Big Data and Little Data: from Zynga to Moneyball

Farmville, the online game, is a pretty simple game, but behind it is a lot of sophisticated information technology.  Every day Zynga, the company that produces Farmville, runs extensive statistical analysis of reams of data (Zynga has one of the largest data warehouses in the world and generates over 15 TB of new data every single day).  Zynga’s goal is to drive player actions that improve financial conversion (i.e. player paying real money for elements of the game) and player retention. To accomplish this Zynga uses the results of continuous data analyses of player actions to test, iterate, and fine tune features in their games.  As such, Zynga is a company on the forefront of the fast growing field of “Big Data Analytics,” which is the analysis of large-scale data for predictive intelligence.  Indeed, Zynga has even referred to itself as an analytics company masquerading as a gaming company.

Another, more mainstream, example of a company heavily using analytics for competitive advantage is the Swedish car company, Volvo.  Volvo collects terabytes of data from a multitude of embedded sensors in their cars in the field, from their CRM systems, from dealerships, and from their factory test beds.  These various data streams are combined and analyzed to yield early predictive information, for example, on manufacturing defects that haven’t even shown up yet.  All vertical industries can benefit from analytics, some more than others.  For example, McKinsey & Co. estimates that retail chains can increase their margins by 60% based on the best practice use of big data analytics.  A pioneer in this field has, of course, been Wal-Mart, which was doing Big Data analytics long before it became sexy.

So what is the ominous sounding Big Data really and how is it different from, say, “normal sized” data?

Big Data refers to huge amounts of data, hundreds of terabytes, even petabytes of information.  It is usually unstructured data and consists of data sets that may be unrelated to each other, i.e. data from a variety of independent streams (such as twitter, social media, traditional CRM, surveys, demographic data, defect data etc).  This is different from traditional data sets which are often relational. Another key aspect of Big Data analytics is analytic velocity, or put more simply, rapid, almost real time analysis of the data.

Big data analysis usually breaks traditional data base and analytics process and systems.  First, the data sets may be too big, second they aren’t relational, third, they need extremely rapid analysis.  To accommodate these needs a new industry has sprung up based on emerging technologies such as Hadoop MapReduce, the R statistical language, and new high performance infrastructure solutions such as parallel multi-processing, high speed networking, fast I/O storage (including emerging flash based storage).  Furthermore, Big Data analytics is requiring a new class of skilled worker: the data scientist, or even the data artist.  Some companies have now appointed Chief Analytics Officers.

Dell has been a solution provider in the field of “Big Data” analytics even before it became a buzzword.  Our server infrastructure is used at some of the largest gaming companies in the world; Dell networking switches based on high performance Force 10 technology are standard in many large scale big data installations.  In addition to infrastructure, Dell has partnered with leading software vendors such as Cloudera for Hadoop technology.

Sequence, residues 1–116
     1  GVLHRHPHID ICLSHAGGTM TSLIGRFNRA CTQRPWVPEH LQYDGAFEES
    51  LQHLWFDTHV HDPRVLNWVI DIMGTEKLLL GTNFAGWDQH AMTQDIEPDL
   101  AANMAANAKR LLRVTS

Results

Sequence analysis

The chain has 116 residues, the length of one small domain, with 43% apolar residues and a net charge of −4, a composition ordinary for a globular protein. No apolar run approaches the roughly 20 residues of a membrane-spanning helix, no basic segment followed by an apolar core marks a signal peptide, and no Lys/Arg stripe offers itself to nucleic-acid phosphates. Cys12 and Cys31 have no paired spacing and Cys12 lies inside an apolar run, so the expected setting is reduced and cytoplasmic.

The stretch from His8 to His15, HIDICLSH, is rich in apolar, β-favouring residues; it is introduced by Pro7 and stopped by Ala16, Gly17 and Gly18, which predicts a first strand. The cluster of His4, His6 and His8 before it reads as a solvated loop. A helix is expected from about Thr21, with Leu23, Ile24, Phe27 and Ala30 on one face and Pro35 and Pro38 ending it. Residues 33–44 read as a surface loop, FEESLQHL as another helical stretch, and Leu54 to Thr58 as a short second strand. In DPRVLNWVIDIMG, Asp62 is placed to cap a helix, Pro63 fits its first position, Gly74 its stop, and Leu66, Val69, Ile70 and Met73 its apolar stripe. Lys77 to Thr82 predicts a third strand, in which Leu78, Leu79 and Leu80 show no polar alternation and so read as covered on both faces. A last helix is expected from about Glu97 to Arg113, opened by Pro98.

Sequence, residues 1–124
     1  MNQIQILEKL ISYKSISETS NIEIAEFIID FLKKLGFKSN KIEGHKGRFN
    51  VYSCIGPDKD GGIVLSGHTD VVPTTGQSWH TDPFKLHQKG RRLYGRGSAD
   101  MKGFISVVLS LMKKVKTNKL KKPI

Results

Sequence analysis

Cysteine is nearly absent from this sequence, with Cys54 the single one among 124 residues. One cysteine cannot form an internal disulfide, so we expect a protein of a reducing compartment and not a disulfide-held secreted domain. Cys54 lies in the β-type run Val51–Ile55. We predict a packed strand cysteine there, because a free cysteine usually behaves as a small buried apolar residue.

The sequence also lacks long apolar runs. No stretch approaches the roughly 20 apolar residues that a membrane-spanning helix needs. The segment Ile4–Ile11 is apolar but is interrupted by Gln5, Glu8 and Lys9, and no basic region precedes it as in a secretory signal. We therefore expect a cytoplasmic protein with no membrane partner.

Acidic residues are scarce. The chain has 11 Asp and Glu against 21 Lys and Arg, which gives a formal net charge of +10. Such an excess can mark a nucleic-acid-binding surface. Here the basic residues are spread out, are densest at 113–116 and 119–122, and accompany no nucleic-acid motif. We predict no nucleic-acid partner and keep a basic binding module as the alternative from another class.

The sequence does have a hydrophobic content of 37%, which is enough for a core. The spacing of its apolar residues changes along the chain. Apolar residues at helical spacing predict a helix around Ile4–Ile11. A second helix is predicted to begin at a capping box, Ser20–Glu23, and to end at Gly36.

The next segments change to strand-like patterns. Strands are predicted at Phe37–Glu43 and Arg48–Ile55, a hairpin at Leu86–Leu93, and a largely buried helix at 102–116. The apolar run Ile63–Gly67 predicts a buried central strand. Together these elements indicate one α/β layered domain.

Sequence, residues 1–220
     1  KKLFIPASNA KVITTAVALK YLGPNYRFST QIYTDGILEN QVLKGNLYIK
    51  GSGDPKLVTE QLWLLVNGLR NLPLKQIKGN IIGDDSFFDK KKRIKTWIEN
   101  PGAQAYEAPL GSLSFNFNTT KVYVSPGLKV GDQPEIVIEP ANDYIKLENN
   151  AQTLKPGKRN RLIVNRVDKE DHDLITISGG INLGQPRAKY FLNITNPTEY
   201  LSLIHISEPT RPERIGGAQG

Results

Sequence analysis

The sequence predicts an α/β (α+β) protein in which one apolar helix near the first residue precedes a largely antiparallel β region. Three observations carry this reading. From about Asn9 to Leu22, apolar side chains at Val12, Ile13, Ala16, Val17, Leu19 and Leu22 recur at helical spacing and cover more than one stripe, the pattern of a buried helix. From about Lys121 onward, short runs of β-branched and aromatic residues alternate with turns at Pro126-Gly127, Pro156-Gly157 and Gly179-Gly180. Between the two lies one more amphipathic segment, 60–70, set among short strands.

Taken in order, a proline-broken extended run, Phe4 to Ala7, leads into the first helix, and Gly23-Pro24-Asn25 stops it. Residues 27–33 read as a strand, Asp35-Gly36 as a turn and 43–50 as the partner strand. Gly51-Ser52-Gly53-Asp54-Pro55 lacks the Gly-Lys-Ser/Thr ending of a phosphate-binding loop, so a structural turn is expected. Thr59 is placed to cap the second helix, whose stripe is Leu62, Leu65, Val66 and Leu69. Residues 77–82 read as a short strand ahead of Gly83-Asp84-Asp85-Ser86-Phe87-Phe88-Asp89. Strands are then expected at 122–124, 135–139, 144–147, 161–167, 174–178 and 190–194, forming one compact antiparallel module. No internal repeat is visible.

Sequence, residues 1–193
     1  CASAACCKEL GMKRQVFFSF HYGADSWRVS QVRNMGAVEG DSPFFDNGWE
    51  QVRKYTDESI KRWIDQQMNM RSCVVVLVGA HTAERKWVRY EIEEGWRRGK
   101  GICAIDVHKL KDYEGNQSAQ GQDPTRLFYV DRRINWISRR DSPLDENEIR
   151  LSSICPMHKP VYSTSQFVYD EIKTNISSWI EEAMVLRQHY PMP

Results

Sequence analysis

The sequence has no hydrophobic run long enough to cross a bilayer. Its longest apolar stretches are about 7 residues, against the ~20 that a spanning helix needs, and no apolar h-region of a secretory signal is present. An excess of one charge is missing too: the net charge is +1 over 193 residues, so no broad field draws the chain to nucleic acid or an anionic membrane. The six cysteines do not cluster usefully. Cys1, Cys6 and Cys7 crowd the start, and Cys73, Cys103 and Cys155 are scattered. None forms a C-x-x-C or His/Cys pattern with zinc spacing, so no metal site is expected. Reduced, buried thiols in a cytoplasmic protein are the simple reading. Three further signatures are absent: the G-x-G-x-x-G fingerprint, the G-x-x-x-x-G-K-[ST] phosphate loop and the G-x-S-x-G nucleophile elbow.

But you don’t have to be part of the petabyte club to get the benefits of analytics. Gaining value from information is not limited to big data sets. Indeed while there is a great deal of industry buzz for the phrase “Big Data” (big data = big bandwagon), the reality is that most organizations can glean a lot of insight from “normal sized” data sets (i.e., a few Terabytes) or even “little data.” Take for example the recent movie, “Moneyball”  which is based on a true story. It tells the story of a man named Bill James, who analyzed statistical data from baseball games looking for patterns, and based on this analysis, came up with winning strategies for the Oakland A’s baseball team.  The data sets that Bill James analyzed were incredibly small compared to the data sets found in true big data situations or even normal sized data warehouses, but nonetheless, they yielded critical insights that helped the Oakland A’s go on a winning run.

So it is not about big data, it is all about big insights.  And you can get lots of big insights from even small amounts of data if you do intelligent analysis.  For example, smaller organizations can analyze CRM and accounting data to glean sometimes counterintuitive insights, for example on who their most profitable customer segments or marketing actions really are, so they can focus their efforts appropriately.

To help meet the needs of organizations looking to gain insight from their “normal sized” data, Dell offers a range of infrastructure, services, and solutions.  For example, Dell’s storage solutions, based on the Fluid Data Architecture, enable the right data to be available at the right time for efficient and rapid analysis.  Dell provides a number of business intelligence consulting services and has partnerships with leading analytics vendors such as OracleMicrosoft and SAP.

Dell’s overall goal is to help CIOs realize the full potential of their title: Chief Information Officer rather than just being the Chief Infrastructure Officer.

About the Author: Praveen Asthana